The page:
Queensland students claim their grades have dramatically dropped since moving over to the Australian Tertiary Admission Rank (ATAR) system.

The state has scrapped its decades-old OP system in favour of the nationally-consistent regime.

The Queensland Teachers Union says it has gathered significant anecdotal evidence that students are not coping, leading increasing numbers to rule out getting an ATAR.

“Teachers are generally reporting to me that there is a heck of an expectation,” the union's north Queensland organiser Paul Waters has told the ABC.

“To do well in the new subjects and get the higher grades, there is a lot of work involved.

“The bar has been changed, quite slightly, I think it has been elevated somewhat particularly for higher mathematic subjects the new mathematical methods and specialist mathematics.

“I would say for both teachers and students this certainly is a challenge.

“I've dealt with some students that are struggling with their mathematics and what is being expected of them.”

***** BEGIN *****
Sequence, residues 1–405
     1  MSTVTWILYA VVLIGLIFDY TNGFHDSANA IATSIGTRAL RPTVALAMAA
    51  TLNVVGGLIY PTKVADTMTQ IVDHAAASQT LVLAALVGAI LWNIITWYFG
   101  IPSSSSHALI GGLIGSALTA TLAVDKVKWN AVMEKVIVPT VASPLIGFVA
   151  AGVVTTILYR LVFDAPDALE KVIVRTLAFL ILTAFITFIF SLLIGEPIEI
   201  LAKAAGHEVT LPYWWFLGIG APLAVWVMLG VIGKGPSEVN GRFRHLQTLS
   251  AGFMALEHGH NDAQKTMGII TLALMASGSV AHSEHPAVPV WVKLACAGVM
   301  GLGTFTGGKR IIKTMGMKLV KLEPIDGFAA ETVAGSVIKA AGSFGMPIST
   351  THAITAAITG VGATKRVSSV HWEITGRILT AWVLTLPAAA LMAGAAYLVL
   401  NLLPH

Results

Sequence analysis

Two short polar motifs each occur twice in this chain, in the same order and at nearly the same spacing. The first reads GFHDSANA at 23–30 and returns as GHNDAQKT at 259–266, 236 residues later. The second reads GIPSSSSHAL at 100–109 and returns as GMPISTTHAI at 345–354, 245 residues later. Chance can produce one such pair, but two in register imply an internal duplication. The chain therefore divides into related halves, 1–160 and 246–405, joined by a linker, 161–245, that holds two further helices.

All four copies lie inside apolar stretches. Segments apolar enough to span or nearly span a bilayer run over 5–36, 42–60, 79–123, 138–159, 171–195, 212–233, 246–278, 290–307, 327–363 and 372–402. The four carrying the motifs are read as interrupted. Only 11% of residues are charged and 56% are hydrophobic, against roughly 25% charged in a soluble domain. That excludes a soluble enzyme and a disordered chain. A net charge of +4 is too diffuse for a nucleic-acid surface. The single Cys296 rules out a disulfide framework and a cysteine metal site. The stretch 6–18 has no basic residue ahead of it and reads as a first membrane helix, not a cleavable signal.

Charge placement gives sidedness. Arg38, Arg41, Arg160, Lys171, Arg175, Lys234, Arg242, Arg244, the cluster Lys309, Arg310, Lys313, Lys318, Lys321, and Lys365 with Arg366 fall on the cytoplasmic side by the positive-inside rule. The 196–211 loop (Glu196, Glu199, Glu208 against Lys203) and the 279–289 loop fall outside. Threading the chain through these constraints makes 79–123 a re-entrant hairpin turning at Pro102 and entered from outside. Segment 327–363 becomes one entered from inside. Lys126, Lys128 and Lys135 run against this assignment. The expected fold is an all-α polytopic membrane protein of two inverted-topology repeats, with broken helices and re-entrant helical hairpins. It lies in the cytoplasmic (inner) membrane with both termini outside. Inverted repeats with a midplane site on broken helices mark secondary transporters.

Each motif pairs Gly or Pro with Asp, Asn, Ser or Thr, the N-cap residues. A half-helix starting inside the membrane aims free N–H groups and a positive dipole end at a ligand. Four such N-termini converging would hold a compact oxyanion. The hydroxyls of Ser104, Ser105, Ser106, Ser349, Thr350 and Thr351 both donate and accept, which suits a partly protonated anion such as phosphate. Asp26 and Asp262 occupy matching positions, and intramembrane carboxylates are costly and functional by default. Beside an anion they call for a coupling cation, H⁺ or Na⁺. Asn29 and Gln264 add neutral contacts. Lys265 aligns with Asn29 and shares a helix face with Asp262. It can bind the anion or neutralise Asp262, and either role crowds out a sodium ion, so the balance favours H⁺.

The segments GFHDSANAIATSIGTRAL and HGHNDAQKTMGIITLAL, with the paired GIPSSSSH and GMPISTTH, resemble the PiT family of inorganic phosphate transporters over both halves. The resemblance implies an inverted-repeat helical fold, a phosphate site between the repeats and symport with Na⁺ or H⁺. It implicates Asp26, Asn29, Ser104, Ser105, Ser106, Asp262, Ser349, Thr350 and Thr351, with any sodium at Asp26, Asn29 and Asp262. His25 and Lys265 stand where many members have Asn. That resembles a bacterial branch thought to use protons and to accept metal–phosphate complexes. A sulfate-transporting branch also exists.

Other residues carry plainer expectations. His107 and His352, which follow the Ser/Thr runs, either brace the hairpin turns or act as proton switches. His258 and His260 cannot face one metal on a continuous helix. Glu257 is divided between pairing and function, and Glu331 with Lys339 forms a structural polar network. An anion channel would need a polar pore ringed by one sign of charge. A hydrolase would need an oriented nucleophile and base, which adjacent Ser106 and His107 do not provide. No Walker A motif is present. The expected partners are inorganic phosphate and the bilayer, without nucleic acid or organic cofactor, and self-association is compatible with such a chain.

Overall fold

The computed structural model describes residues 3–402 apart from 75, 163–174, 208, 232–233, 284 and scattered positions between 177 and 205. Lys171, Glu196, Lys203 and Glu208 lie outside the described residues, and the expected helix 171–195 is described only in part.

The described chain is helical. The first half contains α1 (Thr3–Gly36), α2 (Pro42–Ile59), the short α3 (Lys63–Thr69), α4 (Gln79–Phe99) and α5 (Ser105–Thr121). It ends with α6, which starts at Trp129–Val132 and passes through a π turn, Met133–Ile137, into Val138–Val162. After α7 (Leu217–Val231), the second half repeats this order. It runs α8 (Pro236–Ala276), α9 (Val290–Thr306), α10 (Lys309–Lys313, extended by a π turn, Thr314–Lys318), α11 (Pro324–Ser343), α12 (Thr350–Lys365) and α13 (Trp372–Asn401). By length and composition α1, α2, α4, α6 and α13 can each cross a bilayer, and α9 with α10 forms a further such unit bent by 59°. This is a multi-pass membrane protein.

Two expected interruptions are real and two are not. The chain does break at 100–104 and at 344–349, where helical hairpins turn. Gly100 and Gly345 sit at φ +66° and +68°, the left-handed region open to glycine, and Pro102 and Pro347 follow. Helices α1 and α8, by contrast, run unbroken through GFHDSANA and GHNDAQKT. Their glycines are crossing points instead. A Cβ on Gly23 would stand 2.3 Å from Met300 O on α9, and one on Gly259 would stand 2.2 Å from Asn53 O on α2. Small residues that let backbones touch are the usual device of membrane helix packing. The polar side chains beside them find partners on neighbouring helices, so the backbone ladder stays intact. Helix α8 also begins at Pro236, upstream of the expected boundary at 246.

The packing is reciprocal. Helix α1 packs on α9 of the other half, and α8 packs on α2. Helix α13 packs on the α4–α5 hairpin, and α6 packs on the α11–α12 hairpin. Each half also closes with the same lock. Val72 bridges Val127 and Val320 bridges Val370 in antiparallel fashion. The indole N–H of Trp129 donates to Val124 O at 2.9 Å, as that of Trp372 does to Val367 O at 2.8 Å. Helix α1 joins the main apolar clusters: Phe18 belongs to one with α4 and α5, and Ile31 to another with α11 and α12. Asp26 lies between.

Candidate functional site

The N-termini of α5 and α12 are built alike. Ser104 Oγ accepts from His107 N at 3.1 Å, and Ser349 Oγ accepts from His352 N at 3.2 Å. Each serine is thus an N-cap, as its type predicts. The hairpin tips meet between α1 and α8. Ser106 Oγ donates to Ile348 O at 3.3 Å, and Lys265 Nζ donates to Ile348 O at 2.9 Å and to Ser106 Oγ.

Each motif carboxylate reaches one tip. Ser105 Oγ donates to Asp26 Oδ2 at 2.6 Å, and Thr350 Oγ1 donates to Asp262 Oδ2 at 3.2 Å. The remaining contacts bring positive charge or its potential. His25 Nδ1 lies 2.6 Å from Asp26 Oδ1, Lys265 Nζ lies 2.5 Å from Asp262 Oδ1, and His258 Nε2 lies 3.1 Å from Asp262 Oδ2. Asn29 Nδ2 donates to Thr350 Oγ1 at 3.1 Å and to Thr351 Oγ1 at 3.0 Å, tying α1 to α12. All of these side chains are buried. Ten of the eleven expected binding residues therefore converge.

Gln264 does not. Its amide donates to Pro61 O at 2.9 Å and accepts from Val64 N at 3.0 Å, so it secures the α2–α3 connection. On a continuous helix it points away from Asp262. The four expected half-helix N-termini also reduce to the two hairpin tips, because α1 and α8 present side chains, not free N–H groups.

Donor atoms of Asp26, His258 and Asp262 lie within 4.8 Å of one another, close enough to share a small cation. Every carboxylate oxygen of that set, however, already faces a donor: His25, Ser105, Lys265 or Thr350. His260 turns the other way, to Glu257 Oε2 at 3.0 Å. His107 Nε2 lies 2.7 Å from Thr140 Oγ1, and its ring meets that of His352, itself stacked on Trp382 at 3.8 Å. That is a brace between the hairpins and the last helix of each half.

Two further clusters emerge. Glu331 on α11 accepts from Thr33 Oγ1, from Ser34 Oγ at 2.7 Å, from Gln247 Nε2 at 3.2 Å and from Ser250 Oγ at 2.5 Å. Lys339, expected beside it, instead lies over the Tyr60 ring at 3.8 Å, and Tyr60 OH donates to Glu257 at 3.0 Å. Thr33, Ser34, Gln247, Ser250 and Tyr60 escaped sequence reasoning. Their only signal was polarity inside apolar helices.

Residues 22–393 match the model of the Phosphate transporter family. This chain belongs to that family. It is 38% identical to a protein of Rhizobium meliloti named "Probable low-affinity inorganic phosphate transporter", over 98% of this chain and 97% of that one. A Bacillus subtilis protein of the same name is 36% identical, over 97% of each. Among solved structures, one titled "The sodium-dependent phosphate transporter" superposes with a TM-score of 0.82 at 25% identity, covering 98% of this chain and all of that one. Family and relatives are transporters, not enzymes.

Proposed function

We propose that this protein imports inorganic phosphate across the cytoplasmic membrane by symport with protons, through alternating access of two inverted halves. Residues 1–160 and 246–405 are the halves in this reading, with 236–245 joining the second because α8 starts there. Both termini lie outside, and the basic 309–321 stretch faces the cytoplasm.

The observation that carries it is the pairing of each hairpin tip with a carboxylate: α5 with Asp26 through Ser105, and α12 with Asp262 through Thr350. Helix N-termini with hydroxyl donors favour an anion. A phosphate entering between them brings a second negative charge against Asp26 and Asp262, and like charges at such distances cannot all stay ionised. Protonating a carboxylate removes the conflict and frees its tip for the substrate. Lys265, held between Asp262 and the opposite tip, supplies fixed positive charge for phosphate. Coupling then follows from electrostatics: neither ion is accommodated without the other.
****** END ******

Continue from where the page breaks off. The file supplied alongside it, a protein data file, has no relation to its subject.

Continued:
The Queensland Government says the system was introduced slowly, and that schools had enough time to be prepared.

Queensland Curriculum and Assessment Authority CEO Chris Rider said the new system comes after four years of preparation.

“Central to this was an unprecedented professional development program,” he said.

“About 16,700 teachers attended more than 700 workshops, and there was a satisfaction rating of 95 per cent.

“We continue to hold regular statewide forums for principals and curriculum leaders and a further round of forums for heads of departments is on in July and August.”

The authority said moving from Year 10 to Year 11 is usually challenging for students.